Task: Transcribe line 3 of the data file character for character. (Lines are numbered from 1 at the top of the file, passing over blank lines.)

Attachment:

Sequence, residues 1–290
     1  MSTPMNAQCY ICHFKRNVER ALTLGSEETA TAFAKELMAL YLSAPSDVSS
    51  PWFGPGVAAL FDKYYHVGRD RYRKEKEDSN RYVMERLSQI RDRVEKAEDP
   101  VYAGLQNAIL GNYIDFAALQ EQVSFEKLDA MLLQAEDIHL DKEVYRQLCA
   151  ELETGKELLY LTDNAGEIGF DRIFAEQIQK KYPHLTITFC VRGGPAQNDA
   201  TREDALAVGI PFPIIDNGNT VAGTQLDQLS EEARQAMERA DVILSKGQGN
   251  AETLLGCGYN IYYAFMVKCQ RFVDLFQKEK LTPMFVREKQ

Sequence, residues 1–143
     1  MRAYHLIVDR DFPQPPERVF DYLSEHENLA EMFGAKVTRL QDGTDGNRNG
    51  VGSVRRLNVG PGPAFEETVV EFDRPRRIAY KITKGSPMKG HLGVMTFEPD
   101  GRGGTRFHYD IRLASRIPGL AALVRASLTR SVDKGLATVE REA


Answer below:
    51  PWFGPGVAAL FDKYYHVGRD RYRKEKEDSN RYVMERLSQI RDRVEKAEDP